‘Understood are the things to be understood,
Cultivated are the things to be cultivated,
Eradicated are the things to be eradicated,
Therefore Brahmin, I am the Buddha.’ (Sutta Nipata)
‘As long, brethren, as the Moon and Sun have not arisen in the world, just as long is there no shining forth a great light of great radiance. There prevails gross darkness, the darkness of bewilderment. Night is not distinguishable from the day, nor the month, the half-moon and the seasons of the years from each other.
‘But, brethren, when the Moon and Sun arise in the world then a great light of great radiance shines forth. Gross darkness, the darkness of bewilderment, is no more. Then are months and the half-moon and the seasons of years.’
‘Just so, brethren, as long as a Buddha, who is an Arahant, a Buddha Supreme, arises not, there is no shining forth a great light of great radiance. But gross darkness, the darkness of bewilderment, prevails. There is no proclaiming, no teaching, no showing forth, no setting up, no opening up, no analysis, no making clear of the Four Noble Truths.
‘What Four? The Noble Truth of Suffering, the Arising of Suffering, the ceasing of Suffering, and the approach to the ceasing of Suffering.
‘Wherefore, brethren, do you exert yourselves to realize ‘This is suffering; this is the arising of Suffering; this is the ceasing of Suffering; this is the approach to the ceasing of Suffering.’
The above words give us a clear picture of the great value of the arising of the Buddha to the world. The Buddha arose at a time when Western Philosophy as inaugurated by the Greeks, was led by Heraclites who gave a new turn to the early religions of the Olympian gods. It was a time when Jeremiah was giving a new message among the Jews in Babylon.
It was a time when Pythagoras was introducing a doctrine of reincarnation in Italy. It was a time when Confucius was establishing the national life of China by his ethics of conduct.
It was a time when India’s social fabric was heavily encrusted with priestcraft, self-mortification, caste distinctions, corrupt feudalism, subjection of women and fear of Brahmancial dominance.
It was at such time that the Buddha, the most fragrant flower of the human race, appeared in the land where saints and sages dedicated their lives in the search for truth.
He was a great man who wielded an extraordinary influences on others even during His lifetime. His personal magnetism, moral prestige and radiant confidence in His discovery, made Him a popular success. During His active life as a Teacher, the Buddha enlightened many who listened to Him. He attracted the high and low, rich and poor, educated and illiterate, men and women, householders and ascetics, nobles and peasants. He went in search for the vicious to teach, while the pure and virtuous came in search of Him to learn. To all, He gave the gift of the Truth that He had discovered. His disciples were kings and soldiers, merchants and millionaires, beggars and courtesans, religious as well as deluded people. When people were deluded, He enlightened them. When they were inflamed with rage and lust, He gave them the cooling water of Truth. When they were forsaken and wretched. He extended to them the infinite love of His compassionate heart.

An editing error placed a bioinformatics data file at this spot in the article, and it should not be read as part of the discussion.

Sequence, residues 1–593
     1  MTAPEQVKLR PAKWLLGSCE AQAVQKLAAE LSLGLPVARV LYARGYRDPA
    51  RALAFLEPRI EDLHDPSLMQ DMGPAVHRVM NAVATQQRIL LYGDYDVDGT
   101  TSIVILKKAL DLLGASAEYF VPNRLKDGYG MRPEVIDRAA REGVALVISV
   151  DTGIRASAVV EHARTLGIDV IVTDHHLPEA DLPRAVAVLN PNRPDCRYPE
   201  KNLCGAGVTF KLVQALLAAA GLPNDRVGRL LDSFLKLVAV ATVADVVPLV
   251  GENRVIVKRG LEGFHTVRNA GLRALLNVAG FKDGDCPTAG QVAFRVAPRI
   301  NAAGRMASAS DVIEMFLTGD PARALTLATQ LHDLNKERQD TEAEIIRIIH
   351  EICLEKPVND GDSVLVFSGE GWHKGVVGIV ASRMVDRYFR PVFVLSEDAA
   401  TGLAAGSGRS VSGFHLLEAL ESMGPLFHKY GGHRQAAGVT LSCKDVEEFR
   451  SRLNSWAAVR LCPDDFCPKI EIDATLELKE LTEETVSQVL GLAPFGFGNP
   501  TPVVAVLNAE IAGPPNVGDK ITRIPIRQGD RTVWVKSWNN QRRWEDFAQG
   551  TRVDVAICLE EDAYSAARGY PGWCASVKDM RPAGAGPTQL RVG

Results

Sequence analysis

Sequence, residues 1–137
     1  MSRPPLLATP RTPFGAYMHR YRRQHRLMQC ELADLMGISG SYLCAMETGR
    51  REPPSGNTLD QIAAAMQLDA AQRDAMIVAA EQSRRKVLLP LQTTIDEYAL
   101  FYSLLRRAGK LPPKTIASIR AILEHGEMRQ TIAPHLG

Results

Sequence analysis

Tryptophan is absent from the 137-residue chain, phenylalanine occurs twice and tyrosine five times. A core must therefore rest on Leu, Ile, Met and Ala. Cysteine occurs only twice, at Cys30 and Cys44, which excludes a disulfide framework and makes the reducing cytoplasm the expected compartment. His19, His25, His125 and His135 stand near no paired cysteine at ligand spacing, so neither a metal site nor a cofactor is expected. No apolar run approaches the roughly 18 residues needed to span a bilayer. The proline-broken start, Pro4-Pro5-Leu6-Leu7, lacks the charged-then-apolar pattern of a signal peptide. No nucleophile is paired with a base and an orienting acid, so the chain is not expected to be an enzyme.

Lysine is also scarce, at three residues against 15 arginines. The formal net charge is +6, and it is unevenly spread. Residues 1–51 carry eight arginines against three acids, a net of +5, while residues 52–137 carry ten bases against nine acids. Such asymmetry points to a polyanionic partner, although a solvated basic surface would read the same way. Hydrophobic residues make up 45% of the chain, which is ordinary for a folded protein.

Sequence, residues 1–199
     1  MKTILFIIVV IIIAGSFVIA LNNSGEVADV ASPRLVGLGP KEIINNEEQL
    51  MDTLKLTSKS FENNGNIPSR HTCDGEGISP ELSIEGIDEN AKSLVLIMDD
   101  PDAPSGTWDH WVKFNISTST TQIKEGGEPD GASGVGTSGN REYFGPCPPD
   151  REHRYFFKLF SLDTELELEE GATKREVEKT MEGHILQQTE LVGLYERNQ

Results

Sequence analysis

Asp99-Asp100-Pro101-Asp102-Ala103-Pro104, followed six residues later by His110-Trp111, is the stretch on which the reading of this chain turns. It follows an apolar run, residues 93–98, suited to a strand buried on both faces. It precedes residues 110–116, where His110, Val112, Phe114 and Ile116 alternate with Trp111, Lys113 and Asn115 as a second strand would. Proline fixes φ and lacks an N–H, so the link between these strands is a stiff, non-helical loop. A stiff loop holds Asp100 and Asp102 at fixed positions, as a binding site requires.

He did not set out to remold the world. He was ‘Lokavidu’?’The knower of the world.’ He knew the world too well to have any illusions about its nature, or to believe that its laws could be completely refashioned to suit the desires of man. He knew that the world does not exist for the pleasure of the man, He knew about the nature of worldly conditions. He realized the vicissitude of worldly life. He knew the futility of human imagination or day dreaming about the world.
He did not encourage wishful-thinking in terms of establishing a worldly Utopia. Rather, He told each one of the Way by which one could later conquer one’s own world?the inner subjective world that is everyone’s private domain. In simple languages, He told us that the whole world is within us and the world is led by the mind and that mind must be trained and cleansed properly.
His teaching was basically simple and meaningful: ‘To put an end to evil; to fulfill all good; to purify the mind. This is the advice of all the Buddhas.'(Dhammapada, 183).
He taught the people how to eradicate ignorance. He encouraged them to maintain freedom in the mind to think freely. Rigid rituals, rigid dogmas, blind faith and the caste system, all had no place in His way of life. All people were one in the eyes of the Buddha.
By every test of what He said, did and was, He demonstrated Himself to be the preeminent man in His day. He declared a faith of service, a ministry of sacrifice and achievement. He advised us to start our life from today onwards as if it is the beginning of our life, and to fulfill our endless responsibilities and duties of daily existence here and now without depending on others to do it for us.
He gave the world a new explanation of the universe. He gave a new vision of eternal Happiness, the achievement of perfection in Buddhahood. He pointed out the way to the permanent state beyond all impermanence, the Way to Nibbana, the final deliverance from the misery of existence.
His time was 2,500 years ago. Yet, even today this great Teacher is honored not only by the religious-minded people, He is also honored by atheists, historians, rationalists and intellectuals all over the world who have acknowledged Him as the Enlightened, most liberal minded and compassionate Teacher.